I should have trusted my gut. We all should have believed the late polls. We don’t have the full results yet, but it seems clear, as I write, that the Republicans will gain in the House and win back the Senate. For a first-term president who didn’t win a plurality to win in a midterm election with a deeply troubled economy is, quite simply, an astonishing victory. I guess I’d been too busy telling others not to underestimate Bush that I underestimated him myself. Yes, local issues mattered. But the swing is too uniform to be interpreted solely by particulars. This was a vote for Bush, for prosecuting the war on terror, for the tax cut. More important, it was a vote against the hollow negativism, cowardice and mediocrity of the current Democratic Party. They have nothing to say; and that matters. Their predicament is deeper than this result suggests. Since Bush passed his tax cut and since Sept. 11, the Democrats have been cornered. A purely defensive strategy — taking both issues off the table — led them to this result. An offensive strategy — against war and for raising taxes — would have delivered an even worse one. Or they could have come up with a tough but different anti-terror plan and a positive economic message. But they didn’t. So they lost. One other factor is the blandness and decrepitude of their leaders. Daschle and Gephardt are pathetic. McAuliffe is a nightmare. When the Dems needed new blood, they found Mondale and Lautenberg. This is not a party with self-confidence or much of a short-term future. Bush, because of what he did and what the Democrats did not do, now has a remarkable mastery over the polity. He has enormous leverage against Iraq; and this vote will deeply strengthen his position abroad. I hope he uses that mandate wisely and bravely. I also believe that that is part of the reason the Republicans did so well. People know we’re at war. They trust the president. They wanted to show him support. Many factors contributed to tonight’s historically rare event. But the president’s conduct of the war was surely the central one, as it will be for the foreseeable future.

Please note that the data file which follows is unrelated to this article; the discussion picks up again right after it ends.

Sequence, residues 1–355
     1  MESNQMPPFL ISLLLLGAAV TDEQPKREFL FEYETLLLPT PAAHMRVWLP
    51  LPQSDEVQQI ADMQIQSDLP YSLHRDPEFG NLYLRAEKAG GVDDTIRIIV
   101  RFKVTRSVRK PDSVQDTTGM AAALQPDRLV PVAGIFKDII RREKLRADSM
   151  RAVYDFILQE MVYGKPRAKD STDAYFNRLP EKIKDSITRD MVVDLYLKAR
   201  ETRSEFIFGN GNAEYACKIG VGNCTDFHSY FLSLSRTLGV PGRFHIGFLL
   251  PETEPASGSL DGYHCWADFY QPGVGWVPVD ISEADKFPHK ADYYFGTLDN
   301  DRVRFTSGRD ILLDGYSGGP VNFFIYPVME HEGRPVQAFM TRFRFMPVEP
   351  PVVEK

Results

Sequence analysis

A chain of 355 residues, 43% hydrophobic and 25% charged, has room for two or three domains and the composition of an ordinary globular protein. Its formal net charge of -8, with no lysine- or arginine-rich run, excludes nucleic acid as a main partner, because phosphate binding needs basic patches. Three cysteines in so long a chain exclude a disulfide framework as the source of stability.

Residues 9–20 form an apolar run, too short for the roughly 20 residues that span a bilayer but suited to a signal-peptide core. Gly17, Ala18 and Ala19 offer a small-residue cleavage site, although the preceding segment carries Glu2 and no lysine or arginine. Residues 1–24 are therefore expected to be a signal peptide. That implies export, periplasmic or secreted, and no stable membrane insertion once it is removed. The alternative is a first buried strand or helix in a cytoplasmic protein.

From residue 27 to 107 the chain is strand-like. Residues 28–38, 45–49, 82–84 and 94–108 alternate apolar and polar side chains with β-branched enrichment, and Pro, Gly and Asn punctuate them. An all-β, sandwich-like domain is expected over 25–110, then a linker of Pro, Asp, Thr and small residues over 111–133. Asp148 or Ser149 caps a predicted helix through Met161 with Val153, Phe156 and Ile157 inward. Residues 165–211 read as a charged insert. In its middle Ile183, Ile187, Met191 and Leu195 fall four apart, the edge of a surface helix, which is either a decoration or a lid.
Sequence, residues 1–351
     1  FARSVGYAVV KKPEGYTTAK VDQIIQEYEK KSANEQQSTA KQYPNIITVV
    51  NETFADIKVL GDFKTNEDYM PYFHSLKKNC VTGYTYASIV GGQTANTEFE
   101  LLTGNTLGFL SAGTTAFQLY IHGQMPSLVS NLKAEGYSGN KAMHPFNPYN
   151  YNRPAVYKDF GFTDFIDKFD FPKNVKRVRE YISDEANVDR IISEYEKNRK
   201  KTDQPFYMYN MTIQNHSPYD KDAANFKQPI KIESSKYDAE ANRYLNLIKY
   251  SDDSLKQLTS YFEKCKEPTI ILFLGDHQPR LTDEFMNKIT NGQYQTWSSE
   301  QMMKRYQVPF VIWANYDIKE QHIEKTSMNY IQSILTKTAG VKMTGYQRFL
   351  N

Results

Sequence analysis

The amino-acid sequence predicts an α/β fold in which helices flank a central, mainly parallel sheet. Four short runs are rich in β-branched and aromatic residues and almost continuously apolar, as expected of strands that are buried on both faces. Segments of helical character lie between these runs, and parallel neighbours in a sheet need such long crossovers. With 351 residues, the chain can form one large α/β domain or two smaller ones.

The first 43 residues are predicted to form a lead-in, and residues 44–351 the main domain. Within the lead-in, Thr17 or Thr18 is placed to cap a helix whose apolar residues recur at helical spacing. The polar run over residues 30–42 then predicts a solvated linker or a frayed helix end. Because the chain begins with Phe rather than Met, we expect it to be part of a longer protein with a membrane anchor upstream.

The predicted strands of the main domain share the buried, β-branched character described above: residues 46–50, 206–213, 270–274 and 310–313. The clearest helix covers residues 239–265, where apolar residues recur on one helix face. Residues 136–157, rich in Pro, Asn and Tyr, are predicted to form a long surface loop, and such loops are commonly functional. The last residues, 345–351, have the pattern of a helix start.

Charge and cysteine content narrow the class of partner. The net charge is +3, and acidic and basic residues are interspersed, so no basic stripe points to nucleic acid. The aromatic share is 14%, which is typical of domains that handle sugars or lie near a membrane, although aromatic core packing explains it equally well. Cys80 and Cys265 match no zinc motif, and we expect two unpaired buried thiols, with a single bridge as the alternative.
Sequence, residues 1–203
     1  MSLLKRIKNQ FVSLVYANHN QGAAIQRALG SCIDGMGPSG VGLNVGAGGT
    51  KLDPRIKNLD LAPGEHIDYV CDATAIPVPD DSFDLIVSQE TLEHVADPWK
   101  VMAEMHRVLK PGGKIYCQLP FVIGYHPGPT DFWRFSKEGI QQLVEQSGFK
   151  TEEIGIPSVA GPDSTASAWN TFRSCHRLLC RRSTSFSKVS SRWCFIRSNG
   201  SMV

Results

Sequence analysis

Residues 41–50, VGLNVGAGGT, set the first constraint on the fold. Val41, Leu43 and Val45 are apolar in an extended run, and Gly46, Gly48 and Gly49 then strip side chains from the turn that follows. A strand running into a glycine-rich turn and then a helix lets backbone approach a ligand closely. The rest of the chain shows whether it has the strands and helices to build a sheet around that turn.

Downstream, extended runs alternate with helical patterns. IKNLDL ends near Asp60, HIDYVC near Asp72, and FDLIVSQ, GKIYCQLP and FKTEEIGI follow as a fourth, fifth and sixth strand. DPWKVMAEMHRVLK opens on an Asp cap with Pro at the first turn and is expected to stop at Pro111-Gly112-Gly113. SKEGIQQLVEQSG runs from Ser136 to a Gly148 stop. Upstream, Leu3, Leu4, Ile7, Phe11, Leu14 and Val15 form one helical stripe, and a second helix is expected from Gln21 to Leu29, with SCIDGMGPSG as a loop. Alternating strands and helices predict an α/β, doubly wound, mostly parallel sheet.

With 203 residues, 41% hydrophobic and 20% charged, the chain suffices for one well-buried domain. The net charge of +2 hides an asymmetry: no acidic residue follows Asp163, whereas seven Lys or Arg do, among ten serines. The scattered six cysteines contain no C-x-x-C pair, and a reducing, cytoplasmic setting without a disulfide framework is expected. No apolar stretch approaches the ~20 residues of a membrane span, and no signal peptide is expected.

On lesser issues, I have to say I found the way that Chambliss defeated Cleland and Baucus bested Taylor to be dispiriting events. On the bright side, Mitt Romney was clearly the better candidate in Massachusetts; and voters in that liberal state also voted to support English immersion and came extremely close to abolishing the state income tax. Very encouraging. Townsend and Forrester were both terrible candidates who deserved to lose. I’m pleased the oleaginous Hutchinson in Arkansas got done in as well.

Todd Gitlin, professor of journalism and sociology at Columbia University and author of “Media Unlimited”
What to conclude from a train wreck? Reasoning on the basis of slender evidence is always a difficult business, and is at the least premature, but a few conclusions are likely. The Republicans care about power more than the Democrats. They recruit more impressive candidates, fight harder, raise more money, act more ruthlessly. The Democrats weasel — and it avails naught. They failed to nationalize their campaign to exploit corporate corruption and Bush’s connivance in it. Supporting the Bush war resolution proved useless. The Republicans took over the agenda anyway. For Democrats, there’s not going to be any automatic recovery. To win is going to take a long time, much energy and discipline — not yet in evidence.